Jake Archibald was talking about progressive enhancement at Responsive Conf, these are my notes from his talk.
JS is a part of the web, it's not an optional extra. Relying on it can improve things, as can not using it. If you need browser support then make sure your site works without JS and use cutting the mustard to make sure that the enhanced version runs in newer browsers without problems.
Don't use JS to do things the browser can already do. Browsers are fantastic at dealing with the conditions on the web but we replace it all with a huge JS download. Use 3G as a baseline connection for testing - even 4G users will be on 3G most of the time. Ask yourself did the load time reflect what the user can expect?
This decade's web apps are making the same mistakes that desktop apps did last decade.
Don't load an empty page - load a shell UI. A splash screen is an admission of failure. Go async - don't block the rendering. Don't use web fonts for first rendering. If your JS framework can't let you do this then drop it - it's not suitable. Performance comes from a progressive loading style. As long as the user doesn't care that things are loading in the background then load it in the background - don't penalise them for something they don't need. You can push the full load time out if the interactive time is faster.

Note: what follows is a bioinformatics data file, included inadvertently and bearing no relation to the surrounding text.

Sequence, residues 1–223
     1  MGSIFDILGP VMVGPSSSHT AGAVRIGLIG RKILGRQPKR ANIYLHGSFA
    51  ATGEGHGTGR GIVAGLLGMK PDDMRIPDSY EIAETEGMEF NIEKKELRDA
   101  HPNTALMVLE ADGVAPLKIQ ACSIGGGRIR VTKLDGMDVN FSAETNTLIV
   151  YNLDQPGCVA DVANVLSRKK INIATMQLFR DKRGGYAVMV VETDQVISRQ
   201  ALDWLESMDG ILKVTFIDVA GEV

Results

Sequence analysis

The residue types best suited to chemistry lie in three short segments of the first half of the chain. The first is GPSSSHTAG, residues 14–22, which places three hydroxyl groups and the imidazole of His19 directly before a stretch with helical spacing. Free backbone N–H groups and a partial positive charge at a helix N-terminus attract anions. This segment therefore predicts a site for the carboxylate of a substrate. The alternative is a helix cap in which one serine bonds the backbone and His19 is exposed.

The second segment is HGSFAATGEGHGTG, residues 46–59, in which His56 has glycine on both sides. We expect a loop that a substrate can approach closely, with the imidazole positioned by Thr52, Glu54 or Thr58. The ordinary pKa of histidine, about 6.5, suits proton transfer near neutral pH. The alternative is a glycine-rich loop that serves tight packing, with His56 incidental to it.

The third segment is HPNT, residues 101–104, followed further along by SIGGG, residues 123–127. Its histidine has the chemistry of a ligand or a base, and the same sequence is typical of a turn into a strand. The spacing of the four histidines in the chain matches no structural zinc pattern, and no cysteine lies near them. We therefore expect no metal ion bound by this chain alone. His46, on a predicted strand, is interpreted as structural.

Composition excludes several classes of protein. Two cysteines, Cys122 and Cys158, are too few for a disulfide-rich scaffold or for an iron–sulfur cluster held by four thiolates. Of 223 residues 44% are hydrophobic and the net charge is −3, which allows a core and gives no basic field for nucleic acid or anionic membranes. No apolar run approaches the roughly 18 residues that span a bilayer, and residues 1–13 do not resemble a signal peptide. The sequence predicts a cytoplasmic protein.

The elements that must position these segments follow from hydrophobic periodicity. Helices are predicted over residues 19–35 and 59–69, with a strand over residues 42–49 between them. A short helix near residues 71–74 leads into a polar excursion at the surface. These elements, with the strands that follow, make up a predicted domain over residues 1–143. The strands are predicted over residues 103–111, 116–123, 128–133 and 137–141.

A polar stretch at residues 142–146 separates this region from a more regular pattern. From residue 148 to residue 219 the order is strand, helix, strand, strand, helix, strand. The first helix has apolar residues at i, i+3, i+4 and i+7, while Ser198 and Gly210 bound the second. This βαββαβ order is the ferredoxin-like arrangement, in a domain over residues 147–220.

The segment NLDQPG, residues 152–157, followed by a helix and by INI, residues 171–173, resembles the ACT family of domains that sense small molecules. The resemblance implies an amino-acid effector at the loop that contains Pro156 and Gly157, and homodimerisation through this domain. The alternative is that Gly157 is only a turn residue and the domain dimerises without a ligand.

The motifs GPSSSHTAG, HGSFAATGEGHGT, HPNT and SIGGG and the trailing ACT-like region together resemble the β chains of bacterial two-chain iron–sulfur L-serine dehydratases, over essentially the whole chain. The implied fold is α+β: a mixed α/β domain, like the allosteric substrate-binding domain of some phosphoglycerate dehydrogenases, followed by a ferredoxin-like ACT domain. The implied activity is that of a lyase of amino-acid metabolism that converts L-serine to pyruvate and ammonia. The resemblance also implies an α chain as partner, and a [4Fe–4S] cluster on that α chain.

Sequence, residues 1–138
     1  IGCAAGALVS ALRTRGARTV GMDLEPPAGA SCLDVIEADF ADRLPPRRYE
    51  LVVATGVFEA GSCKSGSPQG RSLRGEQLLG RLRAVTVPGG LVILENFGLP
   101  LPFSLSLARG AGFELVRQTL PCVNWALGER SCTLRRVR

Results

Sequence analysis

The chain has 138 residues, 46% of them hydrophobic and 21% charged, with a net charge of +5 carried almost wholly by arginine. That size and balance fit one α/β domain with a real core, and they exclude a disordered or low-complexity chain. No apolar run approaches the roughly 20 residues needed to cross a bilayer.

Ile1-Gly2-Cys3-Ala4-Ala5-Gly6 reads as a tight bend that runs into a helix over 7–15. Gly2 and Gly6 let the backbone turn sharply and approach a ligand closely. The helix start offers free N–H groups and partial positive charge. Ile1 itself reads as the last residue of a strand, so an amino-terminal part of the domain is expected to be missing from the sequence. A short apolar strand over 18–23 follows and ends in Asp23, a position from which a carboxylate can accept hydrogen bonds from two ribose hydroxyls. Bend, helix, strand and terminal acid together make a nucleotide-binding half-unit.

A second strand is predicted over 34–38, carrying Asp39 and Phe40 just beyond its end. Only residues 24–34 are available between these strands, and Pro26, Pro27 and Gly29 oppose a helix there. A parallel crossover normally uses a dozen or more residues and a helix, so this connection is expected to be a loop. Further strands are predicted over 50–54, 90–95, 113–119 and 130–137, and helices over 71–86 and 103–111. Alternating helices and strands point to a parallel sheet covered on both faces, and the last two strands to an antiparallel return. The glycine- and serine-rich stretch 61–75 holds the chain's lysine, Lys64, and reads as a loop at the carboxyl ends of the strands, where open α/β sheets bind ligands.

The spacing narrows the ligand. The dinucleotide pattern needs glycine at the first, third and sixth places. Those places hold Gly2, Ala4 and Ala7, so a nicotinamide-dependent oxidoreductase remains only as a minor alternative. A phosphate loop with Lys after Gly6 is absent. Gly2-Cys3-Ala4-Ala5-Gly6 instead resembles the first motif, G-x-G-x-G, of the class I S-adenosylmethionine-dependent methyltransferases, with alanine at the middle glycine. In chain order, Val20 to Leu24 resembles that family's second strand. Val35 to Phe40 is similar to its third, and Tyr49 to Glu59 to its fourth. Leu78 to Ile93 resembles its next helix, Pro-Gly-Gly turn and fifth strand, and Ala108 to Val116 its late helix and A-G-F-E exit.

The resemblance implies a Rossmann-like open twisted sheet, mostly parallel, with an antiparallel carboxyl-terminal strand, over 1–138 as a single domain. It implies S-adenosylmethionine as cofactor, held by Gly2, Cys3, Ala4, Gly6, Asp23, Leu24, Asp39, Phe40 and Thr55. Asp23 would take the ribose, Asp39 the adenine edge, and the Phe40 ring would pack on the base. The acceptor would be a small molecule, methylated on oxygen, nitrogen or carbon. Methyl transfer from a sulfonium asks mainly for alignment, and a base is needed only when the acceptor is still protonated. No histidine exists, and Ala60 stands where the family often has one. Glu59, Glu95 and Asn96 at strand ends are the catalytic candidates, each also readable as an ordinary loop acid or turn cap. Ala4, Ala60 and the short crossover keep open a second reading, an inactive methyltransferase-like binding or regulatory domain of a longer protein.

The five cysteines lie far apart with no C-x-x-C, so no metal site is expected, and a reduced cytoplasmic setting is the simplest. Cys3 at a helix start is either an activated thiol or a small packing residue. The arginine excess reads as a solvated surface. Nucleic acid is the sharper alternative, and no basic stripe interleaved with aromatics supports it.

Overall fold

Watch out for LieFi, a connection that says it's enabled but isn't reliably transferring data. Offline-first is progressive enhancement but for the network. Service workers sit between your page and the network and include a programmatic cache. Subsequent visits can be as good as instant. We need to protect users from variable network conditions.
Coming soon will be service worker background sync - this will allow events to happen when a network connection comes back.
Service workers don't work in Safari at the moment but they are progressive enhancement friendly: start using, other browsers will support it and Apple will have to add it to stay competitive.
Render without JS then add in features.